Only One Chance (Only One #2) Read Online Natasha Madison

Categories Genre: Contemporary, Romance, Sports Tags Authors: Series: Only One Series by Natasha Madison

Total pages in book: 89
Estimated words: 81745 (not accurate)
Estimated Reading Time in minutes: 409(@200wpm)___ 327(@250wpm)___ 272(@300wpm)

Read Online Books/Novels:

Only One Chance (Only One #2)

Author/Writer of Book/Novel:

Natasha Madison

Book Information:

They called me the pretty boy on and off the ice. Hockey’s most eligible bachelor.
When my teammate asked me to donate one date to his charity, I figured why not. Worst case, I’d spend the night with a fan. Best-case scenario, she would be hot. What I wasn’t expecting was for my dream girl to be the highest bidder.
For years, she brushed me off, and now, I finally had a chance to take her out and show her who I really was.
With only one shot at this, I really hoped I didn’t mess it up.

At the top of my career, I was riding the wave of my sports talk show having the best rating on the radio.
I also made it a rule to never date any sports players.
It was my one rule, and I was sticking to it until I bid on the only man who gets under my skin.
All it takes is one touch, one night, one kiss, and only one chance.
Books in Series:

Only One Series by Natasha Madison

Books by Author:

Natasha Madison

Chapter 1


“You look like fall,” Brian, my producer and sidekick, says as I walk by his office door.

Shaking my head, I laugh as we both walk down the hallway. “You look tired.”

“Well, I was up late editing the segment I aired this morning on women’s hockey growth in the US.” His dark hand runs through his hair. “You still look like fall, though.”

“What does that even mean?” I ask him, then look down at my outfit. “It’s blue jeans and a navy blue blazer.”

He shrugs his shoulders like any man who has no idea why he said what he said, but he did it anyway. “I don’t know. Maybe it’s the brown purse.” I stop walking once I get to my office door. “Don’t forget we have the Oilers’ Manning and Miller coming in today to discuss the charity auction this weekend,” he says before walking off in the direction of the kitchen while I groan out loud.

“I hate Miller,” I grumble. Every time he’s mentioned, I automatically think back to the first time we met. It was my first week at the station, my afternoon sports radio show, Lay it on You, was on the air, and the radio station was having a fundraiser. He showed up to the event looking equally charming and arrogant clothed in dark jeans and a tight T-shirt. When we were introduced, he told me that he loved my show, especially my commentary on hockey as a sport, being as it was underrated in the South. I was super proud of those first few segments. He’d touched my arm gently and not at all creepy, and he actually made me laugh at a couple of jokes, which is hard to do. We were talking, he was flirting with me, and to be honest, I was flirting right back with him. I stepped away for a second to go to the bathroom, and I walked out to find him tongue fucking a blonde against the wall. Ever since then, I’ve taken him at exactly face value. ‘Make out with anyone literally all the time because you’re not special, Layla’ value.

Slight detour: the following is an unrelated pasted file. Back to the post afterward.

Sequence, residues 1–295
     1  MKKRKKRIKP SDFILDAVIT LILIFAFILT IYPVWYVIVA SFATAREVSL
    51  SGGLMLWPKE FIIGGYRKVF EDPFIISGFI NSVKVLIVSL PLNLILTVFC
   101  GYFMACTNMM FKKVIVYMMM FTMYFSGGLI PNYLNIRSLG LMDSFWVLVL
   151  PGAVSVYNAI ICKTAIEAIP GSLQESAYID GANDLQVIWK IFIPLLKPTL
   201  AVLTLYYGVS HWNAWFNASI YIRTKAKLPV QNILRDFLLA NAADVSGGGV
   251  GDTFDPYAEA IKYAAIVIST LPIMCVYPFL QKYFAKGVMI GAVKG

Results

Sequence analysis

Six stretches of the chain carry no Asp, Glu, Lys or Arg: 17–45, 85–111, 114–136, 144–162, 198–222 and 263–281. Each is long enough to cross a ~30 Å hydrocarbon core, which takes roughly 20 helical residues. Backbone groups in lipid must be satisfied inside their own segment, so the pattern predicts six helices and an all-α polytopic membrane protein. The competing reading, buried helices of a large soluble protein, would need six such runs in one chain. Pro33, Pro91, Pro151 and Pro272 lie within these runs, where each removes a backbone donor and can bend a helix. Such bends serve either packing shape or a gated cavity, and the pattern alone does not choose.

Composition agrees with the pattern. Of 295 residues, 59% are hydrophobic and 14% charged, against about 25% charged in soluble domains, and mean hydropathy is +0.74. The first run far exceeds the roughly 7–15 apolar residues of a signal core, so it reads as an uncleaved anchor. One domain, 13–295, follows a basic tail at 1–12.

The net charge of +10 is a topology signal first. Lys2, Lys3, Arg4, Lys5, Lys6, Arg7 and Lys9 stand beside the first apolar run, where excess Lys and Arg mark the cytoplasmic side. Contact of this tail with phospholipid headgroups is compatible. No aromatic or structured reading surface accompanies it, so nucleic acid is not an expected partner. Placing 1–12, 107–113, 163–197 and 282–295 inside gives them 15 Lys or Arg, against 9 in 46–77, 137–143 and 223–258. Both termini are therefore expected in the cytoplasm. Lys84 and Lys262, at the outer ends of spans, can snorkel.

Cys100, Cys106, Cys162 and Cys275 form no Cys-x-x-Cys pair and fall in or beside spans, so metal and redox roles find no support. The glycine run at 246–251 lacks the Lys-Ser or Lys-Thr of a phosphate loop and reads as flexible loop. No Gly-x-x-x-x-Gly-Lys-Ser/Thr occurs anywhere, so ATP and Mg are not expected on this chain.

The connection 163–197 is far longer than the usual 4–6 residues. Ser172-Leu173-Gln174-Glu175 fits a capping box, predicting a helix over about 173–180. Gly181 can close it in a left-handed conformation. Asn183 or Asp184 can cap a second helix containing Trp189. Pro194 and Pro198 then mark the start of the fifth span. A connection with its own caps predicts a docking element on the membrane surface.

Grabbing the handle to my office door, I open it, mumbling, “How could I forget Manwhore Miller?” The sun shines on the signed Dallas Oilers jersey I have framed in my office. It was from the All-Star game last winter. Framed pictures of some of my sports idols that I’ve taken fill the wall. I never expected to be a sports commentator; it happened by luck. When I applied for a job at the local college radio station, I thought they would put me to work on the marketing front, but instead, they had me calling the hockey games because the last announcer had quit that afternoon. It just stuck, and I fell in love with it. Hockey, sports, commentating—all of it.

Brian sticks his head into my office on his way to our recording booth. “Ready?” he asks. I nod my head, grabbing my stuff and following him down to where we do the show. He walks into his producer booth while I push open the door to where I sit. Two windows give the room a bit of light. I put my coffee and notes down on the table right next to the bottles of water there for my guests. Sitting in the chair in front of the microphone, I grab the earphone and put them on.

“Check the mic,” Brian tells me from where he’s standing in front of the soundboard.

“Check one, two. The XYZ TEAM sucks,” I say, looking at him. He nods his head, then laughs, pressing a couple of buttons on his side. I hear the commercials play as I get into the zone.

“Ten seconds,” Brian says, and this time, I nod at him as I watch the on air sign light up.

“Hey there, welcome to Lay it on You, the Layla Paterson show.” I smile every time I say those words.

When I started at the station, I was an intern, and then they gave me a shot, putting me on from midnight to four a.m. I thought it was going to be dead air, but I had assholes calling in all the time trying to one-up me, and I have to say I got their sports trivia questions right ninety-nine percent of the time. Well, more like ninety-five. Thank God for Google some nights.

The ratings had never been better for my slot. When the afternoon radio show host went away for vacation, they gave me his time slot for two weeks. It was like I was the queen of the castle. I went head-to-head with the men who called in. I went toe-to-toe with the other radio show hosts who didn’t want me to leave by the end of two weeks. When they finally gave me the afternoon spot, I was with them for ten years at that point.